Charlie on the Windmill (1915)
This early cartoon, apparently by the team that created Felix the Cat, shows Charlie Chaplin as the established international figure he is now known as. But is it really from 1915? The evidence is unclear.
This is just a fragment of less than two minutes of film. What we see, mostly, is a very large windmill going around and around with a tiny figure clinging to one of the sails. When it stops, with him at the top, a fat man on the ground blows a big wind and makes it turn around a couple more times. Then it stops again, and we get a close enough shot to see the cartoon version of Charlie’s “Little Tramp.” He gives his signature shrug, and several other familiar body movements, while the fat man, now joined by a woman, throws bricks at him! All of them miss, but when the man throws a bicycle, it knocks Charlie off. That’s all we have.
The DVD collection that I found this on says that it is from 1915, and that is confirmed by the library at UC Santa Cruz, which claims to have the original in its collection. Libraries usually try to be as accurate as possible about the materials they hold, but I’m not sure, if all they have is this tiny fragment with no titles, how certain they are in this case. The DVD credits Otto Messmer and the library Pat Sullivan, which is ironic, because it mimics the debate as to which of the two of them “created” Felix the Cat. Let’s assume that this was produced by Sullivan and animated by Messmer, that works. In researching their early collaborations, however, I found an animated Charlie Chaplin film that Wikipedia dates to 1919. Wikipedia is certainly capable of error (and the url on the movie suggests that someone thought it was 1916 at some point), but I find this later date more believable for a couple of reasons.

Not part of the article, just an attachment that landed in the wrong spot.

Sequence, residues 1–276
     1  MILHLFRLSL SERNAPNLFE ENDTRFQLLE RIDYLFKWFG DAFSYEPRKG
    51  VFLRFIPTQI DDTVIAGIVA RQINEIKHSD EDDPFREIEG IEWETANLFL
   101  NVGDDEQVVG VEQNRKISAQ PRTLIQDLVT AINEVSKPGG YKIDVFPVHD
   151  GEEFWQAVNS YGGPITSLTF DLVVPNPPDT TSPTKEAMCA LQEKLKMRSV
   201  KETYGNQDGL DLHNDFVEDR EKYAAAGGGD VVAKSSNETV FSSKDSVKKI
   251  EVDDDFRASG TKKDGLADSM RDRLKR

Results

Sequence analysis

The first is that Chaplin was still developing his character in 1915. We see his trademark shrug for the first time, so far as I can tell, in “In the Park,” which was released in March of 1915. Would it already have become so well-known before the end of the year that an animator would know to imitate it? I’m not certain. The second reason, perhaps less compelling, has to do with licensing. In 1915, Sullivan would have had to negotiate with Essanay to use Charlie’s likeness, and I would have expected them to insist on releasing the movie themselves, not through Sullivan’s company. By 1919, negotiations would have been with Charlie directly, and he might have OK’d it without further concern. The reason this may not matter is that given Sullivan’s reputation, it’s quite possible that he didn’t have permission. There were plenty of questionably legal Chaplin imitations running around in the late teens, and this might just be one of them.
Director: Otto Messmer, Pat Sullivan
Run Time: 1 Min 30 secs
I have not found this available on the Internet for free. If you do, please comment below.